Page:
The recordings were done in May and October 1956 and should be MONO. It is often stated that RVG started using a two track recorder (stereo) in March 1957. If there are stereo versions then one should assume that they were electronically derived from the mono recording? Some re-issues could also be carelessly mis-labeled?

The London Jazz Collector article on this indicates Sep/Oct 1957 as the earliest stereo recording for the Prestige label: PRST 7147, Paul Quinichette, Basie Reunion.
It also says (about Rudy Van Gelder recordings) , quote:

…"Prior to March 7, 1957: mono single track tape only, grey area immediately follows

May 8 1957 – Oct 31, 1958, both single and two track simultaneously

After October 31, 1958 , all recordings on two track tape only"

I don’t know what got into me. I just played my Workin’ through headphones, and it’s clearly mono. Maybe I accidently chose a different album. To be honest, I don’t always remember which tracks are on which Davis albums within a particular era.

False alarm. Sorry.

I will note that Discogs describes several releases of the albums as stereo.

Also describes the release I have as stereo.

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I am really not concerned whether it is stereo or mono. I raised specific questions about the recording quality. Tonal balance and imaging/sound staging etc. even mono records can image and soundstage. Much of what I asked regains unanswered. Thanks.

Did that not answer your question?

Um… you might need to explain what you mean here

Most of the replies seem to be concerned with whether the recording was stereo or mono. My point was that whether the recording was stereo or mono really has no bearing on my original questions.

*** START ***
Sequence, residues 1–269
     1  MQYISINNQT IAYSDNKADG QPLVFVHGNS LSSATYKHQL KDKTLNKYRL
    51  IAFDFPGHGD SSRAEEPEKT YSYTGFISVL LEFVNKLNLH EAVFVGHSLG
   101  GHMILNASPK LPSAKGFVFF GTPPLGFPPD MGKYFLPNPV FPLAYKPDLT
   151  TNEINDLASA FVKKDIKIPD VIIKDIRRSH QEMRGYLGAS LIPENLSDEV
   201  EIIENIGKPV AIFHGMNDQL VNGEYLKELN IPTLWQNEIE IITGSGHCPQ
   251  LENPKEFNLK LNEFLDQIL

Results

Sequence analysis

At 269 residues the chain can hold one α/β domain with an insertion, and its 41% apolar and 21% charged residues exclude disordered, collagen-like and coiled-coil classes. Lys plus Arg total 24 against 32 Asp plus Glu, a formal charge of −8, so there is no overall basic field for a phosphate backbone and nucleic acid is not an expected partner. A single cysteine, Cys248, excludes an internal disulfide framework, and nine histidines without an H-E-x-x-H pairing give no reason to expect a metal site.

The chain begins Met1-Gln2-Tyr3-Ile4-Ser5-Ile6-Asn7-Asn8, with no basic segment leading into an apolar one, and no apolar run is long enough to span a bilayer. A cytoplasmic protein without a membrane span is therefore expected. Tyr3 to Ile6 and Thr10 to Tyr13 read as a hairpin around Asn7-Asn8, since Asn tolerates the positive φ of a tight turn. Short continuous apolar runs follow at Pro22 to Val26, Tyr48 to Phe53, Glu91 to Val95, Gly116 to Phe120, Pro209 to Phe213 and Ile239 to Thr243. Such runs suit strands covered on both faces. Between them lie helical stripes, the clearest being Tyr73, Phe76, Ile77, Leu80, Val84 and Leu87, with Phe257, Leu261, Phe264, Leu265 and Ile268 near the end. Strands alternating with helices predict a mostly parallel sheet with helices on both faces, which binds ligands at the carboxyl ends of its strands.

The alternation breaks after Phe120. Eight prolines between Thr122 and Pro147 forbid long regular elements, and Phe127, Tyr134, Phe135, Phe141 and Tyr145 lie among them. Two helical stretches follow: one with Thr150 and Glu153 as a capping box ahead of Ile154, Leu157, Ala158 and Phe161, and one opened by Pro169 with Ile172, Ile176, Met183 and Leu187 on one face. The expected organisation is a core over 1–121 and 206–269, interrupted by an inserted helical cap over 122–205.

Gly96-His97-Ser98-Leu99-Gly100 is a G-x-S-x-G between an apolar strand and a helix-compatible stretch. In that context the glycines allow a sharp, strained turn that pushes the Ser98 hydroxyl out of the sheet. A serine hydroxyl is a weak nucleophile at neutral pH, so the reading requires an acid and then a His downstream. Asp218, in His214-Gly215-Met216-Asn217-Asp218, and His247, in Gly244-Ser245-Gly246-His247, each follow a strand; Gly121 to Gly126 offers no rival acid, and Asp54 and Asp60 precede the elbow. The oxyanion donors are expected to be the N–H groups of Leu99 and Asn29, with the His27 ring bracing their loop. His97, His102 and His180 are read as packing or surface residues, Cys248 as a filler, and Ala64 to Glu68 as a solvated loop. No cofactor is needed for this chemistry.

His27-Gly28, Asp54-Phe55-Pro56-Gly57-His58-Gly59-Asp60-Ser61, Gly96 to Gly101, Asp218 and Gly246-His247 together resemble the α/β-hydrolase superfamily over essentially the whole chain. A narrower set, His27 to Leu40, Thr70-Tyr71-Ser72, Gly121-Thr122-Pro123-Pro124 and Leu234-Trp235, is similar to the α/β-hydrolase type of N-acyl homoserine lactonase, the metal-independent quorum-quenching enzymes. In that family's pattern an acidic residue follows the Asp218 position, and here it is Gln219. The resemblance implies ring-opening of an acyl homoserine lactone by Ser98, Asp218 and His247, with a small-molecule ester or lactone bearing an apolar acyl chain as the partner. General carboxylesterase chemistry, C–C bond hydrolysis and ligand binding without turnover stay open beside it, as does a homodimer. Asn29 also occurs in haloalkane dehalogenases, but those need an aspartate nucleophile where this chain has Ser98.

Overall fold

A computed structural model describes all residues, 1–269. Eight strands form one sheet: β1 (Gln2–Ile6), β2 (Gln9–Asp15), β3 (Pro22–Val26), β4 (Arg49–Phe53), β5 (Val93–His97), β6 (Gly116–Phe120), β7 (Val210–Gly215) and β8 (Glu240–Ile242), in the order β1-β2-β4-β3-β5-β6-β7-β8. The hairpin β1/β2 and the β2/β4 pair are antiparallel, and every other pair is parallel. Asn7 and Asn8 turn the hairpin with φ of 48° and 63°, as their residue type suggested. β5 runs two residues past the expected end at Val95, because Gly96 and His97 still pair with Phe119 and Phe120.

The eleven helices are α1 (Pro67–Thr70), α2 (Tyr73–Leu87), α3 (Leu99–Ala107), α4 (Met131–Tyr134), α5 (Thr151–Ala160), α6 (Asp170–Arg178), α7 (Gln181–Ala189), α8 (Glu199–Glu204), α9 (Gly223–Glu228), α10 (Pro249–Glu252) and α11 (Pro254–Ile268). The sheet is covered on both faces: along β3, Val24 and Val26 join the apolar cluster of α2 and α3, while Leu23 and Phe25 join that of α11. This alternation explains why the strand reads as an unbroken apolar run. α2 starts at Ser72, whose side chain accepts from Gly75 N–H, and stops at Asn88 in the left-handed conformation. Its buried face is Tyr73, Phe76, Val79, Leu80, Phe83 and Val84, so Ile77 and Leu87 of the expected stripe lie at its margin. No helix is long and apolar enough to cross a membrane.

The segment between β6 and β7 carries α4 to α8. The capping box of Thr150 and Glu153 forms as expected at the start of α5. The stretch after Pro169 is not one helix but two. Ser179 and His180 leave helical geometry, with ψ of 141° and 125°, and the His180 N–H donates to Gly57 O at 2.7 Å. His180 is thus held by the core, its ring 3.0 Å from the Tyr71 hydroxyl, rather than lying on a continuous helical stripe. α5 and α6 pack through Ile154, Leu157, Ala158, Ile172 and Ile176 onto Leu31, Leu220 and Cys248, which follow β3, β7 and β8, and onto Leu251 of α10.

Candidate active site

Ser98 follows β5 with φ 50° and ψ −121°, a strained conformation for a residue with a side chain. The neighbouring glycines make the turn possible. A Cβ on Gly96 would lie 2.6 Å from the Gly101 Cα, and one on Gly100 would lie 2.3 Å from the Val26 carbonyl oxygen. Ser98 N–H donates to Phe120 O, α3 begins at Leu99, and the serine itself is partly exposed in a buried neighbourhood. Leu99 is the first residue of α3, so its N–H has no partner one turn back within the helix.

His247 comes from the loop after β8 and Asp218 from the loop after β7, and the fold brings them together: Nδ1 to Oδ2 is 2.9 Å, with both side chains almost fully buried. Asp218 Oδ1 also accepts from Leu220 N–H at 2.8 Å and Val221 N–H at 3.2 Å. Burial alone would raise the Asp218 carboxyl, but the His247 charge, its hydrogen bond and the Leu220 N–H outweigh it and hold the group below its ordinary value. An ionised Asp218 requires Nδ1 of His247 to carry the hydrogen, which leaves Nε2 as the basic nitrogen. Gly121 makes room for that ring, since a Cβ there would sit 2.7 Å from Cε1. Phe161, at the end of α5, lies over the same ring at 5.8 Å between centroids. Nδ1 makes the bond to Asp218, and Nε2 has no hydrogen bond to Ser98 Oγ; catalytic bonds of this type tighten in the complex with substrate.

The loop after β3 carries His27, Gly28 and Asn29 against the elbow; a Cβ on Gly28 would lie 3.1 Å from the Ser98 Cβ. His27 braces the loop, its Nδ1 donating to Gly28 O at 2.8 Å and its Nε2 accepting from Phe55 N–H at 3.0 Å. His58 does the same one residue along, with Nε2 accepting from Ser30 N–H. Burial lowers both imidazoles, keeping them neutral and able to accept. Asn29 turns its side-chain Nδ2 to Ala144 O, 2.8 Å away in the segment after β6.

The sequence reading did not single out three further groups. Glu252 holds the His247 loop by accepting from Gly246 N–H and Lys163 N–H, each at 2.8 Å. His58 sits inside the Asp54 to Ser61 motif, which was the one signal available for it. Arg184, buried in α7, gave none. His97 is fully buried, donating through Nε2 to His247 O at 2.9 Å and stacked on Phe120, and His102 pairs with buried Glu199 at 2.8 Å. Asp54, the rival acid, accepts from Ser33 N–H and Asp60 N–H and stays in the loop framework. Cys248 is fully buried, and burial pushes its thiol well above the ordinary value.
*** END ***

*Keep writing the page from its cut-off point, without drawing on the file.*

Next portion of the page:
True; but you did ask about soundstage, and I think you might be expecting too much from a mono recording. Depth - maybe; width - no…

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Ok. Fair point. I am most interested in the tonal balance.

On a balance of probabilities (as I don’t have the cd nor, it would seem, does anyone else) I would attribute it to either the source master or poor choices in the xrcd transfer.

Have you heard it sound better on a different system?

@AndyR Thanks. I used to have a Rega system with a Saturn and Rega RX3 speakers and Rega integrated. It got destroyed in a home renovation and we were without a system for 3-5 months. I remember the tonal balance to be less warm. I remember vaguely less PRAT and different imaging. However audio memory over time is unreliable.

Could be some psychoacoustic effects in play too. My gut feeling is that mono can sound ‘different’ for reasons other than the obvious. Stereo can mask things the system is doing (or not) that are more obvious in mono. Mono should give a distinct central ‘image’; whether it does depends on many things that are now different in your new system, such as speaker position, dispersion pattern, and room acoustics. These of course are also affecting stereo playback, but how your brain is ‘decoding’ the differences will affect your perception.

If it’s really bugging you - I’d suggest trying out a variety of stereo and mono recordings and see if you can spot a pattern. Maybe try some recordings that are new to you - see if they sound ‘wrong’, rather than just ‘different’?

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@AndyR Good suggestion. So far I have been trying many CDs. There is no pattern I can detect, but there are differences from one recording to the next. I guess that speaks for the system’s ability in the “resolving” area.